working people into a highly conscious struggle against all forms of oppression – this could not be expected to arise easily or spontaneously. It had to be created through the most persistent,
serious, consistent efforts of revolutionary socialists. The working class would not automatically become a force for socialist revolution, but it could develop into such a force with the assistance of a serious revolutionary workers’ party. Such a party – making past lessons, the most advanced social theory, and a broad social vision accessible to increasing numbers of workers – would be a vital component in the self-education and self-organization of the working class, helping to develop spontaneous working-class impulses toward democracy and socialism into a cohesive, well-organized, and powerful social force.

The greatest limitation in this huge study, perhaps, is that it is not three or four times as huge – that is, it stops in 1904. It needs to be extended two more decades to help us see how Lenin’s party, and his ideas, continued to evolve in ways that brought about the workers’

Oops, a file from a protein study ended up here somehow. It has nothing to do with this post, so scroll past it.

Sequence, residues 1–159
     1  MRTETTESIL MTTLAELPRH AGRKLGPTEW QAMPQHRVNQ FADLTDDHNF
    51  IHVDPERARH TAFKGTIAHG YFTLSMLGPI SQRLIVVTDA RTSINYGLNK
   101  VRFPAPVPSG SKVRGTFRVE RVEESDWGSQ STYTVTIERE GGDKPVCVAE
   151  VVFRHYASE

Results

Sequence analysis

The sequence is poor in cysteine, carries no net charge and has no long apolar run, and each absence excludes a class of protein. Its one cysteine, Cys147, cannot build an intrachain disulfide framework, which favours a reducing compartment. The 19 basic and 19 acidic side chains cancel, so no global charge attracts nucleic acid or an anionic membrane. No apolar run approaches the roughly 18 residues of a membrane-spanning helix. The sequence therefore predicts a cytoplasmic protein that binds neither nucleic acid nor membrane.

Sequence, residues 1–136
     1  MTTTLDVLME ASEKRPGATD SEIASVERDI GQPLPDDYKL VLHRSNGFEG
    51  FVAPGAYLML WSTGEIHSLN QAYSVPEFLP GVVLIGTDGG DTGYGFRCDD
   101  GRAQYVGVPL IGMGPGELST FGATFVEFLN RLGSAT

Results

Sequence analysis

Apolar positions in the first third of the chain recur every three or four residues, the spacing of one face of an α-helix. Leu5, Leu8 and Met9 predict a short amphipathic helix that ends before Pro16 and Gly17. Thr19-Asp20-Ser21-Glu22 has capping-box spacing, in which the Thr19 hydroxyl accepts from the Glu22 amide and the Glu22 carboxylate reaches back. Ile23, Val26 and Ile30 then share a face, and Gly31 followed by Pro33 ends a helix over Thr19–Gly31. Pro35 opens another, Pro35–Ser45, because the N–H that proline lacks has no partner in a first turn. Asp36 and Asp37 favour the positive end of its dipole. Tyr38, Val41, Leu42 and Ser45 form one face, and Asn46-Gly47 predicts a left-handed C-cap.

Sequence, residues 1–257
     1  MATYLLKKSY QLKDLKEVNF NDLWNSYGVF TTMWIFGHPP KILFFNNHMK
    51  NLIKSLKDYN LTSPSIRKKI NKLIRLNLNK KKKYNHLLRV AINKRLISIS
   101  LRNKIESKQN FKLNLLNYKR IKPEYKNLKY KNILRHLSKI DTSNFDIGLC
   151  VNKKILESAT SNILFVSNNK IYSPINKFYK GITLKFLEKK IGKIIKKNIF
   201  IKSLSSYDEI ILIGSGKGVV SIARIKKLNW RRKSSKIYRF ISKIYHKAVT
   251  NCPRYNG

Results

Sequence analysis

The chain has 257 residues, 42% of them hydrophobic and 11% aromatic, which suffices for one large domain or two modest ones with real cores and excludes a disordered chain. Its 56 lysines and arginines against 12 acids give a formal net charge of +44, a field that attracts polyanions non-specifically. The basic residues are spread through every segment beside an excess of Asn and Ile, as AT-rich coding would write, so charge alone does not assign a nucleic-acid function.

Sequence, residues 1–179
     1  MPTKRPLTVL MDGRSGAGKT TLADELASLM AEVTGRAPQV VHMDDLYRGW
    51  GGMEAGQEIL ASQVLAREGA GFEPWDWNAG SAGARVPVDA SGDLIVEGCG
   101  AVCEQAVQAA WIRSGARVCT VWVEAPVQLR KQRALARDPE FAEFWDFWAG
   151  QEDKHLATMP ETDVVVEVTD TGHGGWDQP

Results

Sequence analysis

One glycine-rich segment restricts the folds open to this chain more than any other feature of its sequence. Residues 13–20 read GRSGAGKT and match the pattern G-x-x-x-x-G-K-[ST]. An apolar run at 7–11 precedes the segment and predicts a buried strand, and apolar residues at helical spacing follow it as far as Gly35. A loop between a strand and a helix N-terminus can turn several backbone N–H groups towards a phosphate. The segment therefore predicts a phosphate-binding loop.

revolution of 1917, and what happened in the revolution’s aftermath to help transform Lenin’s party into something other than what he intended. It might be good to add the consideration of an additional ten years, to examine the further transformation of what had been the
revolutionary party of Lenin into the bureaucratic tyranny of Stalin. Those are realities that must also be understood if we are to comprehend the "Leninism of Lenin" in a manner that will be useful for those who wish to change the world for the better.

Those arguing in Lenin Reloaded that we need to consider how to translate Lenin into our own distinctive realities can do little – again because of space limitations – to illustrate what such efforts might look like. To get a sense of how some have tried to do this very thing (with complex and often mixed results, to be sure), it is worth looking at the history of the early Communist movement that arose in the week of Lenin’s revolution in Russia.

Bryan Palmer’s James P. Cannon and the Origins of the American Revolutionary Left is one of the finest books yet produced on the early Communist movement in the United States. This is not surprising given the nature of Palmer’s work to date. He was a young colleague of the
incomparable British labor historian E. P. Thompson, of whom Palmer has written a rich and insightful biography worthy of its subject. In his writing a fluid and clear literary style seems always to be matched with a searching and disciplined analytical mind. His mastery of the